Friday, 11 December 2009

WHAT ALTERNATIVE TO DO THE WRECTHED OF INDIA HAVE?

The heart of India is under attack

To justify enforcing a corporate land grab, the state needs an enemy – and it has chosen the Maoists

By Arundhati Roy

The low, flat-topped hills of south Orissa have been home
to the Dongria Kondh long before there was a country called
India or a state called Orissa. The hills watched over the
Kondh. The Kondh watched over the hills and worshipped them
as living deities. Now these hills have been sold for the
bauxite they contain. For the Kondh it's as though god had
been sold. They ask how much god would go for if the god
were Ram or Allah or Jesus Christ.

Perhaps the Kondh are supposed to be grateful that their
Niyamgiri hill, home to their Niyam Raja, God of Universal
Law, has been sold to a company with a name like Vedanta
(the branch of Hindu philosophy that teaches the Ultimate
Nature of Knowledge). It's one of the biggest mining
corporations in the world and is owned by Anil Agarwal, the
Indian billionaire who lives in London in a mansion that
once belonged to the Shah of Iran. Vedanta is only one of
the many multinational corporations closing in on Orissa.

If the flat-topped hills are destroyed, the forests that
clothe them will be destroyed, too. So will the rivers and
streams that flow out of them and irrigate the plains
below. So will the Dongria Kondh. So will the hundreds of
thousands of tribal people who live in the forested heart
of India, and whose homeland is similarly under attack.

In our smoky, crowded cities, some people say, "So what?
Someone has to pay the price of progress." Some even say,
"Let's face it, these are people whose time has come. Look
at any developed country – Europe, the US, Australia – they
all have a 'past'." Indeed they do. So why shouldn't "we"?

In keeping with this line of thought, the government has
announced Operation Green Hunt, a war purportedly against
the "Maoist" rebels headquartered in the jungles of central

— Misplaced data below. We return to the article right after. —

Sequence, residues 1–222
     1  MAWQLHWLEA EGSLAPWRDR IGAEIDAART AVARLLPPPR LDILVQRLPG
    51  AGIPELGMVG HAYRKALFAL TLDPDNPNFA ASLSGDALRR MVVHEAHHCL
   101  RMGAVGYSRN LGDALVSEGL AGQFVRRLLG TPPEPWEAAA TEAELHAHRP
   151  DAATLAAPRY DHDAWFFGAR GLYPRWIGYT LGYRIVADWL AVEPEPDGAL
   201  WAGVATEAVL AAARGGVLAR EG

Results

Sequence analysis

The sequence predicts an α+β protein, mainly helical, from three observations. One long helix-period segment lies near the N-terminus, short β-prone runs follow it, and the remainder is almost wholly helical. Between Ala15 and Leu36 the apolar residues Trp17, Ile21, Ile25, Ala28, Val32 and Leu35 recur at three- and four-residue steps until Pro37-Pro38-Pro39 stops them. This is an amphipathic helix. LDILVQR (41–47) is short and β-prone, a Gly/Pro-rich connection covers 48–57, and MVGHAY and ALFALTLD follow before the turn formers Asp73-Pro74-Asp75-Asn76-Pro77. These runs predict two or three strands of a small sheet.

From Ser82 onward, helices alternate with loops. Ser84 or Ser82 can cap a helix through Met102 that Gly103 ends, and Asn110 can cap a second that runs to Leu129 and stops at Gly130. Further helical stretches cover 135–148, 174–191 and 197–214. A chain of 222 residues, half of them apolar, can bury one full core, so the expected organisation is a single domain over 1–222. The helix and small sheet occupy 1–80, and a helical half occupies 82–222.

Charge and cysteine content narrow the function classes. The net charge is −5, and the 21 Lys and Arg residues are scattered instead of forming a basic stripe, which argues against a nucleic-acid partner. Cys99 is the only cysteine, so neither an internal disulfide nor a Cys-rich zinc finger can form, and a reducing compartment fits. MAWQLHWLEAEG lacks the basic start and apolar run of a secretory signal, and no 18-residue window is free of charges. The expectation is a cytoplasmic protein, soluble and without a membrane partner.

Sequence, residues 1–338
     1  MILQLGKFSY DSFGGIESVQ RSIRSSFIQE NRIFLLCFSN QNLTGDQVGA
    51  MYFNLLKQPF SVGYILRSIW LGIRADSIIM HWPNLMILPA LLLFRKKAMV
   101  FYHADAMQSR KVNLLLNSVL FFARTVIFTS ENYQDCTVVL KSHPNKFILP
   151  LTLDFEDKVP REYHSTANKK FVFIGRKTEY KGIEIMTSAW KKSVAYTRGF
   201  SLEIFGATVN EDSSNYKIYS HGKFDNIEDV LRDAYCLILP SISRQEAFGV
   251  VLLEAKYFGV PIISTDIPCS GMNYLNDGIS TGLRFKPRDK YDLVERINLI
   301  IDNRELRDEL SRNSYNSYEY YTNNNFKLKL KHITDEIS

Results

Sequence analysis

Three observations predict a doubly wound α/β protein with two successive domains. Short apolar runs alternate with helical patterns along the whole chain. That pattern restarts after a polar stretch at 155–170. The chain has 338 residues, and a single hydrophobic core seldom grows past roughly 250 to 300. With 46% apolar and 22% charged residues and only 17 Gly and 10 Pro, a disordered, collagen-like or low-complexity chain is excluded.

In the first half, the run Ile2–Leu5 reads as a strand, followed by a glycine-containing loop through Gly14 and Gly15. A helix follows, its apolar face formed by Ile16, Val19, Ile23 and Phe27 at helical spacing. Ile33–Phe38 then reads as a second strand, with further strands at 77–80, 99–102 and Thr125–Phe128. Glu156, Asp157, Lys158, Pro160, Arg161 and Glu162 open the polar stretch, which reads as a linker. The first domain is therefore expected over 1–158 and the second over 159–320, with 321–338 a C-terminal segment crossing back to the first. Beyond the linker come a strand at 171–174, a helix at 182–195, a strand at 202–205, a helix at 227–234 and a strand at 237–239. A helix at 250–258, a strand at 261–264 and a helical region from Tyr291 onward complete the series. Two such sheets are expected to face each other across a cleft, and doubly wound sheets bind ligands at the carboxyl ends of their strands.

India. Of course, the Maoists are by no means the only ones
rebelling. There is a whole spectrum of struggles all over
the country that people are engaged in–the landless, the
Dalits, the homeless, workers, peasants, weavers. They're
pitted against a juggernaut of injustices, including
policies that allow a wholesale corporate takeover of
people's land and resources. However, it is the Maoists
that the government has singled out as being the biggest
threat.

Two years ago, when things were nowhere near as bad as they
are now, the prime minister described the Maoists as the
"single largest internal security threat" to the country.
This will probably go down as the most popular and often
repeated thing he ever said. For some reason, the comment
he made on 6 January, 2009, at a meeting of state chief
ministers, when he described the Maoists as having only
"modest capabilities", doesn't seem to have had the same
raw appeal. He revealed his government's real concern on 18
June, 2009, when he told parliament: "If left-wing
extremism continues to flourish in parts which have natural
resources of minerals, the climate for investment would
certainly be affected."

Who are the Maoists? They are members of the banned
Communist party of India (Maoist) – CPI (Maoist) – one of
the several descendants of the Communist Party of India
(Marxist-Leninist), which led the 1969 Naxalite uprising
and was subsequently liquidated by the Indian government.
The Maoists believe that the innate, structural inequality
of Indian society can only be redressed by the violent
overthrow of the Indian state. In its earlier avatars as
the Maoist Communist Centre (MCC) in Jharkhand and Bihar,
and the People's War Group (PWG) in Andhra Pradesh, the
Maoists had tremendous popular support. (When the ban on
them was briefly lifted in 2004, 1.5 million people
attended their rally in Warangal.)

But eventually their intercession in Andhra Pradesh ended
badly. They left a violent legacy that turned some of their
staunchest supporters into harsh critics. After a paroxysm
of killing and counter-killing by the Andhra police as well
as the Maoists, the PWG was decimated. Those who managed to
survive fled Andhra Pradesh into neighbouring Chhattisgarh.
There, deep in the heart of the forest, they joined
colleagues who had already been working there for decades.

Not many "outsiders" have any first-hand experience of the
real nature of the Maoist movement in the forest. A recent
interview with one of its top leaders, Comrade Ganapathy,
in Open magazine, didn't do much to change the minds of
those who view the Maoists as a party with an unforgiving,
totalitarian vision, which countenances no dissent
whatsoever. Comrade Ganapathy said nothing that would
persuade people that, were the Maoists ever to come to
power, they would be equipped to properly address the
almost insane diversity of India's caste-ridden society.
His casual approval of the Liberation Tigers of Tamil Eelam
(LTTE) of Sri Lanka was enough to send a shiver down even
the most sympathetic of spines, not just because of the